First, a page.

I still have mixed feelings about Kaparot
On one hand, the pre-Yom Kippur ritual where we transfer our sins onto some unsuspecting other is completely spiritual. We’re purging ourselves — but, more than that, we’re taking the bad parts from ourselves and doing some good with it. By transferring our sins to a five-dollar bill (me) or a chicken (the in-laws) and then giving it to a poor family for Sukkot dinner, we’re embodying all three stages of repentance in one: teshuvah (saying we’re sorry), tefilah (praying), and tzedakah (charity).
On the other — well, what did that poor chicken do to you?
Read the rest of my kapparot commentary from last year — and check out some righteous photos of Hasidim and chickens — right here.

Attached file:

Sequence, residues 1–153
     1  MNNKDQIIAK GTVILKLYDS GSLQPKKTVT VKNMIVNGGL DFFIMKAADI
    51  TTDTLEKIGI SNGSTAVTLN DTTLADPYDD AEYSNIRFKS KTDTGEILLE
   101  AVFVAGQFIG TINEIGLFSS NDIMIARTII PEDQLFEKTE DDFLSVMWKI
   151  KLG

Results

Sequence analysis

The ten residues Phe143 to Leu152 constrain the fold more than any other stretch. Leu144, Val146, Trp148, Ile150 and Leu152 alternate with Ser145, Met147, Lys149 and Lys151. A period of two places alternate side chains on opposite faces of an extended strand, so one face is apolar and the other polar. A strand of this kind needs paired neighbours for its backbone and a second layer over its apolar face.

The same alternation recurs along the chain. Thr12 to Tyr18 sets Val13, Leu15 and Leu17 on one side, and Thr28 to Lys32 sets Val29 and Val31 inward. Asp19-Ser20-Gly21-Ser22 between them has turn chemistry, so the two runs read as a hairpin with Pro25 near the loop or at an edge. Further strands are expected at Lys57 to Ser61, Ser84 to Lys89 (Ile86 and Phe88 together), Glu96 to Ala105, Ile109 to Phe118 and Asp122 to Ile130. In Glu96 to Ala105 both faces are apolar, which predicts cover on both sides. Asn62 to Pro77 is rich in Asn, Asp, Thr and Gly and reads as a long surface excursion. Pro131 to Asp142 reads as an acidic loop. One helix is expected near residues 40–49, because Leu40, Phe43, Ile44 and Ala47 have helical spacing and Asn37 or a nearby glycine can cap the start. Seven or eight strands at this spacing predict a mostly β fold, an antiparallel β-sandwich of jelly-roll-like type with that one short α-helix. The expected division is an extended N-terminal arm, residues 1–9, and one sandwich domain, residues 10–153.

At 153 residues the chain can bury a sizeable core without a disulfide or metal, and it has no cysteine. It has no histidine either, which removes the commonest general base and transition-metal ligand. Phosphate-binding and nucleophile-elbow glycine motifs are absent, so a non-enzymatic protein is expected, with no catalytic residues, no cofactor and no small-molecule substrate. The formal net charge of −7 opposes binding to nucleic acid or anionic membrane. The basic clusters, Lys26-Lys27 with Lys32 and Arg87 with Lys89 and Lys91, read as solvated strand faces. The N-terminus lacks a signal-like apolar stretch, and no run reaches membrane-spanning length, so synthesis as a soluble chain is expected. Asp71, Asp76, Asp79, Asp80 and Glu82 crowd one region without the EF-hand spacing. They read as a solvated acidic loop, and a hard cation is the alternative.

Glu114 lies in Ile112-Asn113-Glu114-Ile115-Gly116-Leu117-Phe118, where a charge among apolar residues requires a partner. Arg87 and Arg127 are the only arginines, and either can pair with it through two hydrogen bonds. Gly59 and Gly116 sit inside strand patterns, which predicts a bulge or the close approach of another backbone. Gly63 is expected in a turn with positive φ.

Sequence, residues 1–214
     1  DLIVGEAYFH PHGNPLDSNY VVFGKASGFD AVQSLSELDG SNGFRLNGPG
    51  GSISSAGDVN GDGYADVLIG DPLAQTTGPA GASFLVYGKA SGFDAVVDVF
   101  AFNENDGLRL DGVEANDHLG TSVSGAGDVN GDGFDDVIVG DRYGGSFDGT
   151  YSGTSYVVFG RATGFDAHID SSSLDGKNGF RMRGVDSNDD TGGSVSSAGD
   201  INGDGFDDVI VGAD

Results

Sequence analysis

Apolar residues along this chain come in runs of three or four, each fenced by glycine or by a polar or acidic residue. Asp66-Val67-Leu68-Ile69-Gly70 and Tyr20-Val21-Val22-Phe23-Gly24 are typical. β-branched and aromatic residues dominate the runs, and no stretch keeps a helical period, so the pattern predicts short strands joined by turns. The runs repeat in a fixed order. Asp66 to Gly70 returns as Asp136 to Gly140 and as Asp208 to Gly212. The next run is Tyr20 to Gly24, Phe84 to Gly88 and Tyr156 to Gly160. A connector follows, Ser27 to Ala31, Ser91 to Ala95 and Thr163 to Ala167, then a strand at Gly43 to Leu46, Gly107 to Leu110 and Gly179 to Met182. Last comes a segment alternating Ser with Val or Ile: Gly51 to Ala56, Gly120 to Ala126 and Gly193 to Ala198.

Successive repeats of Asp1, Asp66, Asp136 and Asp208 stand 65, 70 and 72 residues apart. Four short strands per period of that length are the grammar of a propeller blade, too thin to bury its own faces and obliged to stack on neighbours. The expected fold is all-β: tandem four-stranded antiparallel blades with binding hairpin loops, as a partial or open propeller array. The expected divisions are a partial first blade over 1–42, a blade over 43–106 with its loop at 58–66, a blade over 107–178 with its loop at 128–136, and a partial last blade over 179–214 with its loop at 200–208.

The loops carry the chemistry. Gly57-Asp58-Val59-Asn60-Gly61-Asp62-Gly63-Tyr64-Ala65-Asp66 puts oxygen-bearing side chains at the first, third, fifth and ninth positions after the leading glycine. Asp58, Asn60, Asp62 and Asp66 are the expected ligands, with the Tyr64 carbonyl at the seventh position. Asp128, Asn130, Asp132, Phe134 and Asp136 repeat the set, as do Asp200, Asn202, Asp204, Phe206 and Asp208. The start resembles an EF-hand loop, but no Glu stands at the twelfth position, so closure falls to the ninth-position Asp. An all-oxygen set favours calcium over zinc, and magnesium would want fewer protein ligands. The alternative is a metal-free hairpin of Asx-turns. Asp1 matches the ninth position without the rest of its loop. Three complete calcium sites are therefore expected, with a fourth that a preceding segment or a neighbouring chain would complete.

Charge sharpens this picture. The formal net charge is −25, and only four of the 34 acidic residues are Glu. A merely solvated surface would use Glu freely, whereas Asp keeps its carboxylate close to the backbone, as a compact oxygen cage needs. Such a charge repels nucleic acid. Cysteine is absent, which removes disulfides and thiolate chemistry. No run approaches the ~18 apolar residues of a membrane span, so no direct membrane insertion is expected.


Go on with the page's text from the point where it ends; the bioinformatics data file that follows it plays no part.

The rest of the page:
Pronounced: sue-KOTE, or SOOH-kuss (oo as in book), Origin: Hebrew, a harvest festival in which Jews eat inside temporary huts, falls in the Jewish month of Tishrei, which usually coincides with September or October.
Pronounced: tuh-SHOO-vah, (oo as in boot) Origin: Hebrew, literally “return”, referring to the “return to God” teshuvah is often translated as “repentance.” It is one of the most significant themes and spiritual components of the High Holidays.
Pronounced: tzuh-DAH-kuh, Origin: Hebrew, from the Hebrew root for justice, charitable giving.